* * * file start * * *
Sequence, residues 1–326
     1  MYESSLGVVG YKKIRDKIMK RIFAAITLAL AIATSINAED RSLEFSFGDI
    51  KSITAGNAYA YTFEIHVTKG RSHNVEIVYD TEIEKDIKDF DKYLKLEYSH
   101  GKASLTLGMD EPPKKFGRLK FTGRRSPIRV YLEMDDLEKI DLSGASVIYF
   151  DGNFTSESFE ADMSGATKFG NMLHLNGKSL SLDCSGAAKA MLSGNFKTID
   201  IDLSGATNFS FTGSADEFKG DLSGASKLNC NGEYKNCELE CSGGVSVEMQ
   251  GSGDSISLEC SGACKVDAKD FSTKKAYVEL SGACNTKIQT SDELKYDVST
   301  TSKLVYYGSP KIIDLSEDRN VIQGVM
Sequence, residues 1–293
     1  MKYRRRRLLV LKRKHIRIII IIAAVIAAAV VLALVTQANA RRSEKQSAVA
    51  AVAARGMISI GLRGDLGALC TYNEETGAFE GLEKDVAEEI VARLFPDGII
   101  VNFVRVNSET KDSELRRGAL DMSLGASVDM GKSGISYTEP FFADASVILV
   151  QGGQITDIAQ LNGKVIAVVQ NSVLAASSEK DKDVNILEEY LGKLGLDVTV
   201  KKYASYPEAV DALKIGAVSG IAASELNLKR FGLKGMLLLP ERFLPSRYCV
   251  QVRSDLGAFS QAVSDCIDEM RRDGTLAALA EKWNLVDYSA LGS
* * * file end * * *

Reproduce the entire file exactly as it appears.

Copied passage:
Sequence, residues 1–326
     1  MYESSLGVVG YKKIRDKIMK RIFAAITLAL AIATSINAED RSLEFSFGDI
    51  KSITAGNAYA YTFEIHVTKG RSHNVEIVYD TEIEKDIKDF DKYLKLEYSH
   101  GKASLTLGMD EPPKKFGRLK FTGRRSPIRV YLEMDDLEKI DLSGASVIYF
   151  DGNFTSESFE ADMSGATKFG NMLHLNGKSL SLDCSGAAKA MLSGNFKTID
   201  IDLSGATNFS FTGSADEFKG DLSGASKLNC NGEYKNCELE CSGGVSVEMQ
   251  GSGDSISLEC SGACKVDAKD FSTKKAYVEL SGACNTKIQT SDELKYDVST
   301  TSKLVYYGSP KIIDLSEDRN VIQGVM
Sequence, residues 1–293
     1  MKYRRRRLLV LKRKHIRIII IIAAVIAAAV VLALVTQANA RRSEKQSAVA
    51  AVAARGMISI GLRGDLGALC TYNEETGAFE GLEKDVAEEI VARLFPDGII
   101  VNFVRVNSET KDSELRRGAL DMSLGASVDM GKSGISYTEP FFADASVILV
   151  QGGQITDIAQ LNGKVIAVVQ NSVLAASSEK DKDVNILEEY LGKLGLDVTV
   201  KKYASYPEAV DALKIGAVSG IAASELNLKR FGLKGMLLLP ERFLPSRYCV
   251  QVRSDLGAFS QAVSDCIDEM RRDGTLAALA EKWNLVDYSA LGS